And step up big he did. After missing 12 of his first 18 shots, Employee Number 8 hit five of his next six shots and finished the game 11-for-26 from the field, including 2-for-4 from beyond the arc. Walker led the Celtics with 24 points and added 11 rebounds. He also committed eight turnovers.

“He just got a quirky game,” said Rivers of Walker’s performance. He makes three then misses layups then makes layups and misses threes. More important, ‘Toine was great on the defensive end. I’m really happy he made those big shots. That was good to see.”

But the game would not have been won if not for the play of the Celtic gem; the rookie; the Emerald; Al Jefferson. Jefferson opened up the second quarter by rebounding a Ricky Davis miss and slamming home his point to pull Boston to within five (22-27) with still 11:41 to play in the half. He followed that up with three the hard way (field goal and free throw after being fouled) to pull Boston to within four (25-29) with 9:30 left. After the Celtics made a charge and Ricky Davis gave them the lead on a three-pointer (37-36), Paul Pierce fed the Emerald down in the blocks for another dunk, which gave Boston a three-point lead (39-36). “Coming into the game do or die, I knew rebounding would be big,” said Jefferson. “We just had to attack them first. Game 7 is still do or die.” When asked if he felt like a rookie still, the Emerald answered, “I feel like a rookie steppin’ up.”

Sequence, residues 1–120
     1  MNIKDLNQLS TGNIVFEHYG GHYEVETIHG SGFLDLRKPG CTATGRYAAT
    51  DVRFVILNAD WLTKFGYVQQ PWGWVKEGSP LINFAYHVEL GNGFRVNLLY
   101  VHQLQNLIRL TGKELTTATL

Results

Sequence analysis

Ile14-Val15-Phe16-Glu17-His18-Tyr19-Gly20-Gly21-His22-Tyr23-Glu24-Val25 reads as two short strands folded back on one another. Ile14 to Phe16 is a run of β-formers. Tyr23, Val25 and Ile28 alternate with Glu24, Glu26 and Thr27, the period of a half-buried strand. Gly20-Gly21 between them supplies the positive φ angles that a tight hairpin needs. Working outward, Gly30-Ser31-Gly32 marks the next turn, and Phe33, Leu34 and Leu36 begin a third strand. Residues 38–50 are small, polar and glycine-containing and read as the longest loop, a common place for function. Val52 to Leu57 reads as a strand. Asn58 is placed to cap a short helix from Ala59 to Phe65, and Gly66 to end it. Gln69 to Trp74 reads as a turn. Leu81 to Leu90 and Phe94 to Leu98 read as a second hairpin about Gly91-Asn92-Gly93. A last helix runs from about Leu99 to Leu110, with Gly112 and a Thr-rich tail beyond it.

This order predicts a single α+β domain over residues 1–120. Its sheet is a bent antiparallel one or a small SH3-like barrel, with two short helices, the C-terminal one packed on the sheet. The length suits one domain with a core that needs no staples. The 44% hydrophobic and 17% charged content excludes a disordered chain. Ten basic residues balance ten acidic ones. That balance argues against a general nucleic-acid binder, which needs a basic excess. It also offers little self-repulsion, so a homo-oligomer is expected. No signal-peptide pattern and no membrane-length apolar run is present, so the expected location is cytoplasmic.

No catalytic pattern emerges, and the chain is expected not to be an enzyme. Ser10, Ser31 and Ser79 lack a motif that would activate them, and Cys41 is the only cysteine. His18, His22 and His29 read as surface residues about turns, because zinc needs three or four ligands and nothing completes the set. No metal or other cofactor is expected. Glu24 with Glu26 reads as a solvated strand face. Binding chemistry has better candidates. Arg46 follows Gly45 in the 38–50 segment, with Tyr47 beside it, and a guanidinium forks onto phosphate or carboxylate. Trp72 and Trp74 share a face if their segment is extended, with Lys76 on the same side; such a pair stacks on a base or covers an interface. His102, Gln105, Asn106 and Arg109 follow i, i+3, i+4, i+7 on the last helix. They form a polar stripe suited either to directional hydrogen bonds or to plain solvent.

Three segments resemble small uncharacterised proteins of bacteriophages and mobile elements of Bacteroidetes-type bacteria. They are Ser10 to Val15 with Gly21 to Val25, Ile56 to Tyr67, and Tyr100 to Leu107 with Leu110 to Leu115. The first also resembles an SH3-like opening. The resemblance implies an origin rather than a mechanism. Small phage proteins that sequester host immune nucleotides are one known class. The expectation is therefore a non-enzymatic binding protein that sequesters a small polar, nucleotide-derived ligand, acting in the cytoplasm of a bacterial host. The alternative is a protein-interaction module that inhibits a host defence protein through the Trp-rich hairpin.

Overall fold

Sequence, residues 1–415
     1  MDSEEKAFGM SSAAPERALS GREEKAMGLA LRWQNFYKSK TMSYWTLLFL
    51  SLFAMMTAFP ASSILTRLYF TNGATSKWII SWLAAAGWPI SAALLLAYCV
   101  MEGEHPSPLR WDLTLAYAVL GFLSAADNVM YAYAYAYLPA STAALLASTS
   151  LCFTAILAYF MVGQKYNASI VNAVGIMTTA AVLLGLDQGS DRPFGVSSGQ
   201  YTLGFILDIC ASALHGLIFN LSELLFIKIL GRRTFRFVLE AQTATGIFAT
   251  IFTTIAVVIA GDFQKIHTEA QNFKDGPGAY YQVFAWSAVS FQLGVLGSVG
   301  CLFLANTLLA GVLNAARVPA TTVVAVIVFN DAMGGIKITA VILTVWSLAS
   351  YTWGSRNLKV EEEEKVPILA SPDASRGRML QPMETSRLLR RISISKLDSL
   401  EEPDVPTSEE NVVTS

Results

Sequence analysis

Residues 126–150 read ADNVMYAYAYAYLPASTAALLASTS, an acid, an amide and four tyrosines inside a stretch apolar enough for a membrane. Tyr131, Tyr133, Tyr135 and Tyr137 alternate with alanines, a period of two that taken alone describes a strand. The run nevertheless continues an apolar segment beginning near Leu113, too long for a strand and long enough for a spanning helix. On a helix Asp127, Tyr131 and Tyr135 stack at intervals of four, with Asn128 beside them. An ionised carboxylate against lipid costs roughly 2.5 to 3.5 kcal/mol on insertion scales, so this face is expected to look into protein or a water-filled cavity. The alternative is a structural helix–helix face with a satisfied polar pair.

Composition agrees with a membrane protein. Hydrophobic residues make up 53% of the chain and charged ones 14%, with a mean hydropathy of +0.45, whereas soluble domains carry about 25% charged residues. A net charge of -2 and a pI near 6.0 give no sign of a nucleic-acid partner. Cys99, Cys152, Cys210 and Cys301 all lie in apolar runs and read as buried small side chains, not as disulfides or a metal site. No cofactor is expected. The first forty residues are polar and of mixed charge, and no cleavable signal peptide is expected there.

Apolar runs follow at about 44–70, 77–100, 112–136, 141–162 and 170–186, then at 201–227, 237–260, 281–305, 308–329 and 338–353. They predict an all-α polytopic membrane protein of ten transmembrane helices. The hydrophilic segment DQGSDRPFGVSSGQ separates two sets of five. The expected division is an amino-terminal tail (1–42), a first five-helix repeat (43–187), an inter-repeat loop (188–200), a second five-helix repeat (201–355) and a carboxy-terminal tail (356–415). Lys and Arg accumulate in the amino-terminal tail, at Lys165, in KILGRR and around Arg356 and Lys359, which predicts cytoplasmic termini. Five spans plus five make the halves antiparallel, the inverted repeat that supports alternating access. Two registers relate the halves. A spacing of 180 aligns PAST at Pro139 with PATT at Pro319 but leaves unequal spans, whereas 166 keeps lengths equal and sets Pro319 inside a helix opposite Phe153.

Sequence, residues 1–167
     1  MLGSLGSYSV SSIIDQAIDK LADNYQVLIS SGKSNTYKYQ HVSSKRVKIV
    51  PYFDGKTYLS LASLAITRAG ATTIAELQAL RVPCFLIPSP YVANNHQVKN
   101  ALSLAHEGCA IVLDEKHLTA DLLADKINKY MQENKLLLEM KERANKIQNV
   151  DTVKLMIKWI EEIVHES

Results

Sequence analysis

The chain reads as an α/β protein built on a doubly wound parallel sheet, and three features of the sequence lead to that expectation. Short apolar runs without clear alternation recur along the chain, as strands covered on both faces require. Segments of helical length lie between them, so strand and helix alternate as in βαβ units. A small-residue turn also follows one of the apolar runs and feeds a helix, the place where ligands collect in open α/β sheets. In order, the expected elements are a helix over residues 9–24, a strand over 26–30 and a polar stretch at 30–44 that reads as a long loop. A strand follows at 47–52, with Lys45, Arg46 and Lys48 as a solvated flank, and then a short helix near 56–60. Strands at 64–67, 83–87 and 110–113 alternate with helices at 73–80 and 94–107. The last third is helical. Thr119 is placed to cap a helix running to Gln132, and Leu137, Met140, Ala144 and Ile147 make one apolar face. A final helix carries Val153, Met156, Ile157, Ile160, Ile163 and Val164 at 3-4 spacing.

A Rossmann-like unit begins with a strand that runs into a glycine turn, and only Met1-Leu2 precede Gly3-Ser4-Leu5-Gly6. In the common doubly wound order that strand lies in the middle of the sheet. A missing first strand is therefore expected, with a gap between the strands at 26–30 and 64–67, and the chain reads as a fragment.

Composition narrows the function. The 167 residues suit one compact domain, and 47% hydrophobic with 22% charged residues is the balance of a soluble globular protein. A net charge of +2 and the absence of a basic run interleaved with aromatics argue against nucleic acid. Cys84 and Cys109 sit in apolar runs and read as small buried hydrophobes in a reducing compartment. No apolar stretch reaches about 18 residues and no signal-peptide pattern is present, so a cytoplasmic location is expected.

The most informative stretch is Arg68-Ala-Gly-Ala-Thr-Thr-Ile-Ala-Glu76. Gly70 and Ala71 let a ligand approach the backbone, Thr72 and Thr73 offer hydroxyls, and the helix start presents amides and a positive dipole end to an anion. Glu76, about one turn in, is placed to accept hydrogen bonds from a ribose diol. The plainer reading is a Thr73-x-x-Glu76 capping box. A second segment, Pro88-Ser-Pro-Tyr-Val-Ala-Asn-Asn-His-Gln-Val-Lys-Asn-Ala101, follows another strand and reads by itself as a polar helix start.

Step up is an understatement. The young Jefferson finished the game with 11 important points (5-for-12 from the field, made his only free throw attempt), and tied a game-high 14 rebounds (eight offensive rebounds). He also was credited with two blocks in 29 productive minutes.

By the end of the half, after being down by as much as 11, the Celts were able to make a run thanks in large part to the young rook, as well as Paul Pierce, who hit his tenth point of the half with .2 seconds remaining to give Boston a 49-43 lead. Pierce, struggling all series with protecting the ball, did not commit a turnover the entire first half. “I just took my time,” Pierce said at halftime. “The game is going to come to me.”